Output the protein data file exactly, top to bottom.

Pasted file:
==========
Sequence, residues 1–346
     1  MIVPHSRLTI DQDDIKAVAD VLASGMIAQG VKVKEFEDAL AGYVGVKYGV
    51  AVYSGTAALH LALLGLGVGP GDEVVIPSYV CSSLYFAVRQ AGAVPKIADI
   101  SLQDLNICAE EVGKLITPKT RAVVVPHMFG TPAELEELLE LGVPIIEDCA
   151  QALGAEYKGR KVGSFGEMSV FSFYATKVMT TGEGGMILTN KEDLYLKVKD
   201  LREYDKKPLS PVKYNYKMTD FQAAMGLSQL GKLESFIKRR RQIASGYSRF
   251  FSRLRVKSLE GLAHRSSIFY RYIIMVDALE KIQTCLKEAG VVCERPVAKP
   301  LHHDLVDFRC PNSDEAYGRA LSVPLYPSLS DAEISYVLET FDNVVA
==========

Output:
Sequence, residues 1–346
     1  MIVPHSRLTI DQDDIKAVAD VLASGMIAQG VKVKEFEDAL AGYVGVKYGV
    51  AVYSGTAALH LALLGLGVGP GDEVVIPSYV CSSLYFAVRQ AGAVPKIADI
   101  SLQDLNICAE EVGKLITPKT RAVVVPHMFG TPAELEELLE LGVPIIEDCA
   151  QALGAEYKGR KVGSFGEMSV FSFYATKVMT TGEGGMILTN KEDLYLKVKD
   201  LREYDKKPLS PVKYNYKMTD FQAAMGLSQL GKLESFIKRR RQIASGYSRF
   251  FSRLRVKSLE GLAHRSSIFY RYIIMVDALE KIQTCLKEAG VVCERPVAKP
   301  LHHDLVDFRC PNSDEAYGRA LSVPLYPSLS DAEISYVLET FDNVVA